From this week onwards we begin a new column on anecdotes from the lives of world-renowned mathematicians and scientists. Anecdotes are remembered mostly for what they are intended?entertainment. But our aim is slightly different in introducing this column. We want to convey through anecdotes that scientists were not only great discoverers, unlike you or me but were humane and blessed with humour, humility and humanism, quite like all of us. We shall be carrying incidents from the lives of scientists regularly in this column and would love to receive feedback from you on your reactions to what we write. In case you wish to relate some interesting anecdote from a scientist'slife, we would be only too happy to include it in this column.?Ed.
The genius of Satyendra Bose
Satyendra Nath Bose was a mathematician who brought fame to India for his contribution to quantum statistics. He, along with Nobel laureate Albert Einstein suggested a statistical description of quantum mechanical systems in which there is no restriction on the way in which the energy of particles gets distributed. This theory came to be known as Bose-Einstein statistics.
Satyendra Nath was born in Calcutta (Kolkata) on January 1, 1894 in a Kayastha family. He was a gifted child and it was a happy coincidence that his inborn talent found a congenial atmosphere to develop mentally. Wherever his father went out of Calcutta, he gave his son sums to do on the cemented floor of their store-room. Here young Satyendra would keep writing numbers and keep himself amused. He had weak eyes since childhood, yet he was a voracious reader. His favourite poets were Lord Tennyson and Rabindranath Tagore. He knew Kalidasa'sMeghdoot by heart.
Young Satyendra went to the then famous Hindu School with a great tradition behind it. The mathematics teacher of the school was quick to recognise the signs of genius in the boy and once gave him 110 marks of 100 in a test, his argument being that Satyen did not skip any of the alternatives available for solving the problems. Apart from working out all the sums from textbooks, Satyen would solve similar sums from subsidiary books and by diverse methods. Satyen did most of his studying at night, by the light of an earthen lamp. During the day he was seldom alone, for he adored the company of good friends.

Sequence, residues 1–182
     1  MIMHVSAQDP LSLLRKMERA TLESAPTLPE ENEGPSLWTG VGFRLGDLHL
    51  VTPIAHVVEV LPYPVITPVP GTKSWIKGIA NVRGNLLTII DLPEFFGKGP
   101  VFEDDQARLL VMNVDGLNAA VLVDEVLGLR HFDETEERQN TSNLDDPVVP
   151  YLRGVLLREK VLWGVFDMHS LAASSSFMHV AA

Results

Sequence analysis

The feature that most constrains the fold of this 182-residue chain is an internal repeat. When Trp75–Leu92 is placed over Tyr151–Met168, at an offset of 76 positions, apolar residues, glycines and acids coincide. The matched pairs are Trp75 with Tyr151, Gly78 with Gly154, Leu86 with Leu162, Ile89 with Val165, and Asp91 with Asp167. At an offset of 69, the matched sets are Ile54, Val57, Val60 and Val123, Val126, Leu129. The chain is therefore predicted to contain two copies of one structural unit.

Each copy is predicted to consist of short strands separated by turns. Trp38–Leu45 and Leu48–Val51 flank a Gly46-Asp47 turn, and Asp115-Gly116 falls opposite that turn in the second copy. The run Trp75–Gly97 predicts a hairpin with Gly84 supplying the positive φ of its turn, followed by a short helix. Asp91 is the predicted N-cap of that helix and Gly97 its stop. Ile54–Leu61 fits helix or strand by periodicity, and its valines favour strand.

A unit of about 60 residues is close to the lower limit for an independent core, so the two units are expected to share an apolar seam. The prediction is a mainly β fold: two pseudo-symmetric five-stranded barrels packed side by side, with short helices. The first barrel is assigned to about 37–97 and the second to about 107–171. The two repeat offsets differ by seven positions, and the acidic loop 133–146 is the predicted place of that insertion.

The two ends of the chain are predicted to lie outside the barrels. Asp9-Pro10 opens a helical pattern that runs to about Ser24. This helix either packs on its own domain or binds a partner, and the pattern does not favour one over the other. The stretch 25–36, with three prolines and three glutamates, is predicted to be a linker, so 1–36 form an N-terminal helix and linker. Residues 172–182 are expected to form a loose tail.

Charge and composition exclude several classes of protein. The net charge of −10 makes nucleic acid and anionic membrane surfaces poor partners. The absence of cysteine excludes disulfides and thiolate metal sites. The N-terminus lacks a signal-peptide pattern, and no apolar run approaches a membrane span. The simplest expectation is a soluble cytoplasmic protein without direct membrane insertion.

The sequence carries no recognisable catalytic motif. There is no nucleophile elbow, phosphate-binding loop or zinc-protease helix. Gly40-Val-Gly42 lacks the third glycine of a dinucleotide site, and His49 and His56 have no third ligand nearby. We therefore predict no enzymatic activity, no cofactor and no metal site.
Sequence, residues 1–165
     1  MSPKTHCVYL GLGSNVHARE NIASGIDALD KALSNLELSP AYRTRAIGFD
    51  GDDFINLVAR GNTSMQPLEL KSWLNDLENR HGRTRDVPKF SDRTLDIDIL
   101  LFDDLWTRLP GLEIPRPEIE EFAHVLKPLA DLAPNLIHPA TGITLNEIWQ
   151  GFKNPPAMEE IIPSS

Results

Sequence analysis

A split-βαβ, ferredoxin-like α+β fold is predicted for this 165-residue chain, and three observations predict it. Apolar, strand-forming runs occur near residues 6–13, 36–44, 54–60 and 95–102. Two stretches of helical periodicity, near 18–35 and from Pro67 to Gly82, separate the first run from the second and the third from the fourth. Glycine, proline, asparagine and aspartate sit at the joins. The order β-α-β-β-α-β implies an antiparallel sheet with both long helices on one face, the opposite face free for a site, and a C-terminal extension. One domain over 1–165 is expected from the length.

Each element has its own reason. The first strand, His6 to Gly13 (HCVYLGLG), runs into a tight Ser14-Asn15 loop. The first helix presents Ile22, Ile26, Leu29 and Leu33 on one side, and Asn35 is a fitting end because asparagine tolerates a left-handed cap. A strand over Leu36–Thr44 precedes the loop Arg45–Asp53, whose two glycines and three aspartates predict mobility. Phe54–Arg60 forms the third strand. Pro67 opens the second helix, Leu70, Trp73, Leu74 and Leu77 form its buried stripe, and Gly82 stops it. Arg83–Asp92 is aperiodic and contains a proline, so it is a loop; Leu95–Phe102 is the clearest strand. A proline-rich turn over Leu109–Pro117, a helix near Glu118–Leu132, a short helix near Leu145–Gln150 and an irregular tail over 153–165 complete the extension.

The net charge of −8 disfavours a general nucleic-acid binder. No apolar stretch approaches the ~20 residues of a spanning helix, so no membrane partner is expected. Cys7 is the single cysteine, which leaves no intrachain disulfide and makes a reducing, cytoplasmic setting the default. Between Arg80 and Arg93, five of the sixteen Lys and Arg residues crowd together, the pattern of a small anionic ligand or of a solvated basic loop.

Satyen went on to become a bright star of Calcutta University. He later got himself transfered to the physics department and studied physics on his own. In 1919 he acquired the Premchand Roychand studentship and submitted his D.Sc. thesis and left for Europe in mid 1920. Soon he returned to Dacca.
As a reader in physics at Dacca University in 1923, he submitted a paper in quantum physics for publication in a research magazine but it was rejected. Undaunted, he sent the paper to none other than Einstein for publication in the German journal Zeitschrift fur Physik, with a request to translate it in German. Einstein not only translated and had it published, he appended it with a line: ?Bose'smethod of derivation, in my opinion, signifies a forward step.?
On one occasion Danish Nobel laureate in physics, Niels Bohr, was delivering a lecture; S.N. Bose was in the chair. Bohr was explaining a point on the blackboard, but finding it a difficult task, turned to Bose to ask, ?Can Professor Bose help me??
Bose had been sitting with his eyes closed throughout the lesson. A titter ran through the crowd. To everyone'sastonishment, Bose opened his eyes, got up, solved the problem, sat down and closed his eyes again!
However, fame eluded him for long. It was 34 years after his discovery of the behaviour of radiation that he was elected fellow of the Royal Society.